# Surface area of revolution using a parametrization

• Mar 4th 2010, 08:11 PM
My Little Pony
Surface area of revolution using a parametrization
Hi, the question is attached below.

Attempt at solution

Surface area = 2*pi*r*ds = 2*pi*integral (from 1 to 2) of x^3*sqrt(1+9x^4)dx

I ended up with 199.4804797 as my answer.

However, I'm having trouble finding the area of revolution using the parametrization method. What is r(t)?
• Mar 5th 2010, 04:18 AM
HallsofIvy
Since x= t and $\displaystyle y= x^3$, $\displaystyle r(t)= t^3$ so the parametric equations are x= t, $\displaystyle y= t^3 cos(\theta)$, $\displaystyle z= t^3 sin(\theta)$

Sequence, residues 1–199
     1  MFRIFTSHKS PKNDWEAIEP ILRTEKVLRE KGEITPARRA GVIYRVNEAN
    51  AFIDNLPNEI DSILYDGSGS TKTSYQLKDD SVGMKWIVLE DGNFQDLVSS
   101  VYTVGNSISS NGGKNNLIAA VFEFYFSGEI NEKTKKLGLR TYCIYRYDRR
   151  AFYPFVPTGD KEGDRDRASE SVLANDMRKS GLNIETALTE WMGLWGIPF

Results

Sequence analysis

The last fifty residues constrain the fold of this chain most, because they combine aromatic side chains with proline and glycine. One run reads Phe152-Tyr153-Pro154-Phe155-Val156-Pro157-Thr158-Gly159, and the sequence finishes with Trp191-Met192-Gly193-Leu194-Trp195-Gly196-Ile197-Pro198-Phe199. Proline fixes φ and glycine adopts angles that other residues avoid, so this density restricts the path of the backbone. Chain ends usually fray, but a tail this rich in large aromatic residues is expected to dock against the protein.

As a vector equation, that is $\displaystyle \vec{r}(t,\theta)= t\vec{i}+ t^3 cos(\theta)\vec{j}+ t^3 sin(\theta)\vec{k}$.

The derivatives of that function, with respect to t and $\displaystyle \theta$ are
$\displaystyle \vec{r}_t= \vec{i}+ 3t^2 cos(\theta)\vec{j}+ 3t^2 sin(\theta)\vec{k}$ and
$\displaystyle \vec{r}_\theta= -t^3 sin(\theta)\vec{j}+ t^3 cos(\theta)\vec{k}$

The cross product of those two derivatives (the "fundamental vector product" for this surface) is
$\displaystyle 3t^5\vec{i}- t^3 cos(\theta)\vec{j}- t^3 sin(\theta)\vec{k}$

Its length is $\displaystyle \sqrt{9t^4+ t^2}= t^2\sqrt{9+ t^2}$ so the "differential of surface area" for this surface is
$\displaystyle t^2\sqrt{9+ t^2} dtd\theta$

The surface area is given by
$\displaystyle \int_{\theta= 0}^{2\pi}\int_{t=1}^2 t^2\sqrt{9+ t^2}dtd\theta$